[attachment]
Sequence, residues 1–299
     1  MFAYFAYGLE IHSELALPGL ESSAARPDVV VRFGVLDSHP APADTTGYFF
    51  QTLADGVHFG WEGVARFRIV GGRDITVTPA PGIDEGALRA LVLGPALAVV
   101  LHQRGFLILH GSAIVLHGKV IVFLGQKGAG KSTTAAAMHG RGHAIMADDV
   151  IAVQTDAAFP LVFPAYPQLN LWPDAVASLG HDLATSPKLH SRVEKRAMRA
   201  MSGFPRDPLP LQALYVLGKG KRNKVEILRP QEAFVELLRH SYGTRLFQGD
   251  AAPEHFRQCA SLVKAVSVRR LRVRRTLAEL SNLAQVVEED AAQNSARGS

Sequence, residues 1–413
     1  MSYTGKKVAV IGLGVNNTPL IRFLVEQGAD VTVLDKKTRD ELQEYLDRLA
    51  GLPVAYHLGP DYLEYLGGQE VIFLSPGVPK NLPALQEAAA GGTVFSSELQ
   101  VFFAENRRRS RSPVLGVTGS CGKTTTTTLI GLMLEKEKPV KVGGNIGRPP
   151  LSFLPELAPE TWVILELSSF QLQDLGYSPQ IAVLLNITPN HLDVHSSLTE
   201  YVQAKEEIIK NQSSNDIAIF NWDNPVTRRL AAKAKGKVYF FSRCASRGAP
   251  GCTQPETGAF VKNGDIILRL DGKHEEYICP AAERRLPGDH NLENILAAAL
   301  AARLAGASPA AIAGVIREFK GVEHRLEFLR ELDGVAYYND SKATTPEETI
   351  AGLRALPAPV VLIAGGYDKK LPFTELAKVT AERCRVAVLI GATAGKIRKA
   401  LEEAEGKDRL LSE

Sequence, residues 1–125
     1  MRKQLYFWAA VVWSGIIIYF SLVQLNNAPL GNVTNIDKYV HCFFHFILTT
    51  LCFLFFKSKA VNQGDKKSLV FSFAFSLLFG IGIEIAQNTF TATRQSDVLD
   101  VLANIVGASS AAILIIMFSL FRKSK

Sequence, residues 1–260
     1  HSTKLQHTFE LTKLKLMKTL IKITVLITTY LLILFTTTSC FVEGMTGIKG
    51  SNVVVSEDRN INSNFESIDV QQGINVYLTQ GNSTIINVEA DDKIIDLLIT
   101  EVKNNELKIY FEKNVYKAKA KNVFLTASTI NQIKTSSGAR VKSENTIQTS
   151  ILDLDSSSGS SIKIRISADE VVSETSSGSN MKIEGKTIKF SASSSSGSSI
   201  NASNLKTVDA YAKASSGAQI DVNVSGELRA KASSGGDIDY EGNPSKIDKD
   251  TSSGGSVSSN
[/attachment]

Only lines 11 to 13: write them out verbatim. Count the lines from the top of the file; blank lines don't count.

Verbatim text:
   101  VFFAENRRRS RSPVLGVTGS CGKTTTTTLI GLMLEKEKPV KVGGNIGRPP
   151  LSFLPELAPE TWVILELSSF QLQDLGYSPQ IAVLLNITPN HLDVHSSLTE
   201  YVQAKEEIIK NQSSNDIAIF NWDNPVTRRL AAKAKGKVYF FSRCASRGAP